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|5/31/2012 1:01 PM|
Last visit: 6/1/2012
i'd like to ask you, if its possible to use a pointer to data in this location:
"DB_Test".BLOCKS.DBX26.0 BYTE 250
There is an array of structures like following:
START : BOOL;
RD_WR : BOOL;
DONE : BOOL;
BUSY : BOOL;
ERROR : BOOL;
ID : DWORD;
PORT : INT;
IOL_INDEX : INT;
IOL_SUBINDEX : INT;
LEN : INT;
STATUS : DWORD;
IOL_STATUS : DWORD;
RD_LEN : INT;
Datenbyte : ARRAY[0..399] OF BYTE;
// DB 10
BLOCKS: ARRAY[1..4] OF dbStruct;
Can you help me please, how can i solve this problem ? Thank you a let for your answer...
Last edited by: CS Moderator at: 5/31/2012 3:22 PM
new subject after splitting from /tf/WW/en/Posts/50677#top
|5/31/2012 1:05 PM|
Last visit: 6/1/2012
|At the moment i have normal pointer for one DB like following and its working good. But with UDT structure (more then one DB) i have a problem.
FUNCTION FC10 : VOID
pAny AT pDB: STRUCT
ByteAddressMSB : BYTE; // Byte address most significant bits
ByteAddressLSB : WORD; // Byte address least significant bits
//BytePointer : DWORD;
pAny.DataType:= 16#02; // type BYTE
pAny.Length:= 250; // data length
|6/1/2012 11:58 AM|
Last visit: 7/5/2015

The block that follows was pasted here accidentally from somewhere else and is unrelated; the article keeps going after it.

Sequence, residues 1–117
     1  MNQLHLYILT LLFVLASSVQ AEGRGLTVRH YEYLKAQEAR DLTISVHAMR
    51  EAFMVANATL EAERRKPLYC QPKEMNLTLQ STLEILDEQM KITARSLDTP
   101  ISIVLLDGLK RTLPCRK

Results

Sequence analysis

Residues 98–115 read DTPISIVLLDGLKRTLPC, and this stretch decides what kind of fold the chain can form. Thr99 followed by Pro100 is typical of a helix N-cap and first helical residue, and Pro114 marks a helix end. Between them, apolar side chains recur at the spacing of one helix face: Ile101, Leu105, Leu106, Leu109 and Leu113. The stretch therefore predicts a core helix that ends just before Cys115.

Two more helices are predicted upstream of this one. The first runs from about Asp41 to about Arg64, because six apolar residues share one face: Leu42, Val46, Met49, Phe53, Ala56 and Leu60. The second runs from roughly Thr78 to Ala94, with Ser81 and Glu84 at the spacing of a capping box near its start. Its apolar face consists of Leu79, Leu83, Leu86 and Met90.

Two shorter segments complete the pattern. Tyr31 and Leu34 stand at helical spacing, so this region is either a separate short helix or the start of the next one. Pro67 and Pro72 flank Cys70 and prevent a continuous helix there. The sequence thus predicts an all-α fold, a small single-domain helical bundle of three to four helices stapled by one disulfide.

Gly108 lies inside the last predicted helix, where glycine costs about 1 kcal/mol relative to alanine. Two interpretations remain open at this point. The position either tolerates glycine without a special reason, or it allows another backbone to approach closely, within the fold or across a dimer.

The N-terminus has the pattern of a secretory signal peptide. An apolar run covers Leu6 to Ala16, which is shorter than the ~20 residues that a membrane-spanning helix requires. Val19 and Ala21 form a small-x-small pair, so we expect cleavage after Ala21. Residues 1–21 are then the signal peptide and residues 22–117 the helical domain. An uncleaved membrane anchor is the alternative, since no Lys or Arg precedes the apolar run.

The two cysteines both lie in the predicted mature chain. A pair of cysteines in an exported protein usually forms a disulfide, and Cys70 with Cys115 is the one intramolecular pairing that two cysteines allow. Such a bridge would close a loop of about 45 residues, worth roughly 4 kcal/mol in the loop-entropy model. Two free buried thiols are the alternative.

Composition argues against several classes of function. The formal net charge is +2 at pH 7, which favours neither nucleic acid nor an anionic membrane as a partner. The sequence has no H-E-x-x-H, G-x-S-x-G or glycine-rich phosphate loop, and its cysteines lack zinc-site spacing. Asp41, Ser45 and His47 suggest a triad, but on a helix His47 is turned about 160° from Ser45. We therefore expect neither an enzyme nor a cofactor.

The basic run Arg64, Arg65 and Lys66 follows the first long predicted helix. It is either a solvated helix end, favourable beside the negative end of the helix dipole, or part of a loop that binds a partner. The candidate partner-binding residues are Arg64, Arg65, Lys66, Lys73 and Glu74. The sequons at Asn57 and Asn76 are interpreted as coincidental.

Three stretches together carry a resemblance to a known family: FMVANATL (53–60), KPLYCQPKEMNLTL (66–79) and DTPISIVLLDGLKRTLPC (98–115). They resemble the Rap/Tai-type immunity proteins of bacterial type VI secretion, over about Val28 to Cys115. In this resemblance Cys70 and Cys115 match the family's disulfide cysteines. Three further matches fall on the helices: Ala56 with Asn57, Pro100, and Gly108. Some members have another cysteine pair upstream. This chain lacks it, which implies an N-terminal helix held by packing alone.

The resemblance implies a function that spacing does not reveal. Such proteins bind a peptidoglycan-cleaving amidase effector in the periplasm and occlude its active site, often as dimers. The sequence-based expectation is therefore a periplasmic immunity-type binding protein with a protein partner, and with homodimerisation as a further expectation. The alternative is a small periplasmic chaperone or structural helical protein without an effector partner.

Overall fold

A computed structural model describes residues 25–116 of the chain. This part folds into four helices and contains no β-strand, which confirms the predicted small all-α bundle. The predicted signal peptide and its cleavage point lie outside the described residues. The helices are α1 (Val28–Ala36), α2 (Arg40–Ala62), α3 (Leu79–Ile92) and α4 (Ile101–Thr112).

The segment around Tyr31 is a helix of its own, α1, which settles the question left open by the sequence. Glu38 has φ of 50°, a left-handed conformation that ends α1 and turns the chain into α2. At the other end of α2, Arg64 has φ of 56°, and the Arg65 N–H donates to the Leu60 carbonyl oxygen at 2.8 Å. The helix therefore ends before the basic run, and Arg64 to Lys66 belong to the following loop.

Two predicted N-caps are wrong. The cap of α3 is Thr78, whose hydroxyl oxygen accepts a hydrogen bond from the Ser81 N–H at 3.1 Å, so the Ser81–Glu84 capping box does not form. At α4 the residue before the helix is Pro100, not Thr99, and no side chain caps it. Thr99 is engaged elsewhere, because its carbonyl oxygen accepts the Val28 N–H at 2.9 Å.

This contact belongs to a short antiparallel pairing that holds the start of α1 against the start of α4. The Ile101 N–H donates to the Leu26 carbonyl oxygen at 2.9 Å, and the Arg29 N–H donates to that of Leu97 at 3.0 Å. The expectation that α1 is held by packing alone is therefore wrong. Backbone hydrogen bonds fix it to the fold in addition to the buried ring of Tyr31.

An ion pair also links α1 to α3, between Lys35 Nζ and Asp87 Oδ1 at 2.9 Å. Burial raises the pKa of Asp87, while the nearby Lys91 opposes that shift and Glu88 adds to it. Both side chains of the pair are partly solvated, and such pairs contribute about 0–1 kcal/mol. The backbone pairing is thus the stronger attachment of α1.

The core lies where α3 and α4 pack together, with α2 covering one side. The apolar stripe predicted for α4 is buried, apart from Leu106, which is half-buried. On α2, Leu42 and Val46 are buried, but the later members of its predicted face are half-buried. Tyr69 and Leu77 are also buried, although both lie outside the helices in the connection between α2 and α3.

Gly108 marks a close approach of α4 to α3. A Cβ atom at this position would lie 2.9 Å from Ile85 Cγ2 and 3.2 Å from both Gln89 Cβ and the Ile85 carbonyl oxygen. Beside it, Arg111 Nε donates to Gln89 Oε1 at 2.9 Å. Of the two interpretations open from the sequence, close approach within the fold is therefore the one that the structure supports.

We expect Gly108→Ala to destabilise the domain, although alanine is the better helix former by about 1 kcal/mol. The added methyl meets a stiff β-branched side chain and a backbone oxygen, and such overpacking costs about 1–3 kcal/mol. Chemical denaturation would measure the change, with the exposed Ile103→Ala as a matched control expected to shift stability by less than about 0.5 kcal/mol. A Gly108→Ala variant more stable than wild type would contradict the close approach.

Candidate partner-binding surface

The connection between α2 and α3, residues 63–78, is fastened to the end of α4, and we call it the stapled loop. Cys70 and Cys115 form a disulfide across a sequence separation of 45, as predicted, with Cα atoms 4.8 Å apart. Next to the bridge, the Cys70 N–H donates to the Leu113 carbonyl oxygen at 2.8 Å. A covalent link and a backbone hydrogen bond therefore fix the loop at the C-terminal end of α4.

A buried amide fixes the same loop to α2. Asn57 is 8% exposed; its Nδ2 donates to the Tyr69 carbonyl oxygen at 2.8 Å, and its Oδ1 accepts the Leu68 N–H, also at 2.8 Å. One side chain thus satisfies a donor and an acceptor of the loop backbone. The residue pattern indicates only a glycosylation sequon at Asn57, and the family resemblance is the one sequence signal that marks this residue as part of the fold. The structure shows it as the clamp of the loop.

|Not sure what you are trying to achieve.
But let me take a guess.
You want to access each structure (and its members) via an index variable?
If that is the case, you don't need an Any pointer at all. You can simply access the structure elements directly using the form:-
Where <index> is the index for your array of structures, which can be a fixed number of a variable (INT/DINT only though), <element_name> is the structure element names used in your UDT, and <element_index> is an optional index for any arrays in your structure. You can continue down as many levels of structure / arrays as you wish (these are known as levels of indirection in software engineering). So you could have an array of structures than contains in it another array of structures ad inifinitum. To access these, you would just keep adding the structure elements separated by periods '.' (e.g. DBn.structa[indexa].structb[indexb].[...]structn[indexn].element_name ...
IF DB_Test.BLOCKS.START = XXX THEN or b := DB_Test.BLOCKS[i].Datenbyte;
With this, you don't have to worry about the actual address (DBX26.0 BYTE 250 in your case) as the compiler will sort it out for you. This is actually better as using hardcoded addresses is not good programmming practice, as if you change the structure at all, your address will be invalid. This way the addresses will be automatically updated by the compiler if you ever change the structure. The code is also much easier to read and maintain.
Programming today is the race between software engineers building bigger and better idiot proof programs, and the universe producing bigger and better idiots.